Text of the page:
You’ve got just ten seconds to make an impression

Ten seconds is the maximum

Tens seconds to make an impression

I was at Internet World yesterday, which was packed.

One of the speakers was Hugh Jackson, a director of MediaCo in Scotland.

Things didn’t start well when he realised that what he was about to present to his audience of approximately seventy-five delegates was not what we had been promised on the program.

Most of us did stay, though, to hear what he had to say about organic search engine optimisation, even though we were actually expecting a talk about paid for, or pay per click (PPC) SEO.

It was quite reassuring for me because Hugh said to usĀ  all the things which I say to my clients, so that was helpful. He stressed the importance of site structure, analysis of competitors’ selection of keywords and phrases, and inbound links, and he warned us that inbound links should be as natural as possible otherwise Google will get suspicious. He spent quite a lot of time demonstrating how the use of social media can be very helpful in driving people to your site, and he also spent time on the need not only for the site to have great content but also to have great design.

He then said that, in his experience, site visitors assess a website in no more than ten seconds before deciding whether to stay or go.

The figure usually quoted is up to thirty seconds, so this, for me was news. I don’t disbelieve it. I simply had been happy to accept up to thirty seconds as being good enough.

Well, if he’s right, straightforward old-fashioned art direction is going to be critical for the ability of a landing page to have and to hold the attention of a site visitor. The experience of looking at a Welcome page has always seemed to me to be very much like looking at a book cover. People do most certainly judge a book by its cover, and for good reason. Publishers put a lot of effort into the design of the cover.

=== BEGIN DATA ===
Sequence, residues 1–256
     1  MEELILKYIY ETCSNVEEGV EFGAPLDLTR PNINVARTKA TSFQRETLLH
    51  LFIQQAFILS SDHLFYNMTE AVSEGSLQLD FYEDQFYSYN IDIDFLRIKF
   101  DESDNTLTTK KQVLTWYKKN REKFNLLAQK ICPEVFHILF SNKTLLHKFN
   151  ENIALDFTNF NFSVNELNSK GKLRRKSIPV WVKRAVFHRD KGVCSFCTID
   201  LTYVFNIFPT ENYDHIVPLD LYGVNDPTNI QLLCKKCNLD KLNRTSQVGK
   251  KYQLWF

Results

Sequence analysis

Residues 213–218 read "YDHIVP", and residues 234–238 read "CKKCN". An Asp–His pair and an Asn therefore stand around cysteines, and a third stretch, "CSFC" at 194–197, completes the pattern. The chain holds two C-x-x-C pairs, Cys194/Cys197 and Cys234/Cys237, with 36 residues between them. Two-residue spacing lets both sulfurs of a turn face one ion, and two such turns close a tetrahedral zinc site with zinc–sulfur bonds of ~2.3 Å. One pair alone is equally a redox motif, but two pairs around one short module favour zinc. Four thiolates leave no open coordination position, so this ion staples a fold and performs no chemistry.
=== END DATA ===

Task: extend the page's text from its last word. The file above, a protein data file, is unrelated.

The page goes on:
And think about how we read people. The moment someone steps out of a lift for a job interview, the interviewer has a very good idea of what sort a person the interviewee is.

It’s easy to start an interview well but end it badly.

It is almost impossible to start an interview badly but end it well.

And this applies equally to a website. A site visitor uses the Welcome page to read the website just as we assess a book by its cover. That’s why it only takes 10 seconds max.

The corollary is that graphic designers and art directors are just as important as programmers, SEO experts, Google specialists, links strategists and all round geeks.

And that, in turn, means that communication agencies need both old and new skills to hold the interest of site visitors. It is ridiculous to claim that one is more important than the other.

Finally, if you read this, Hugh, give me your email address, please, and I’ll send you a picture of George Bernard Shaw.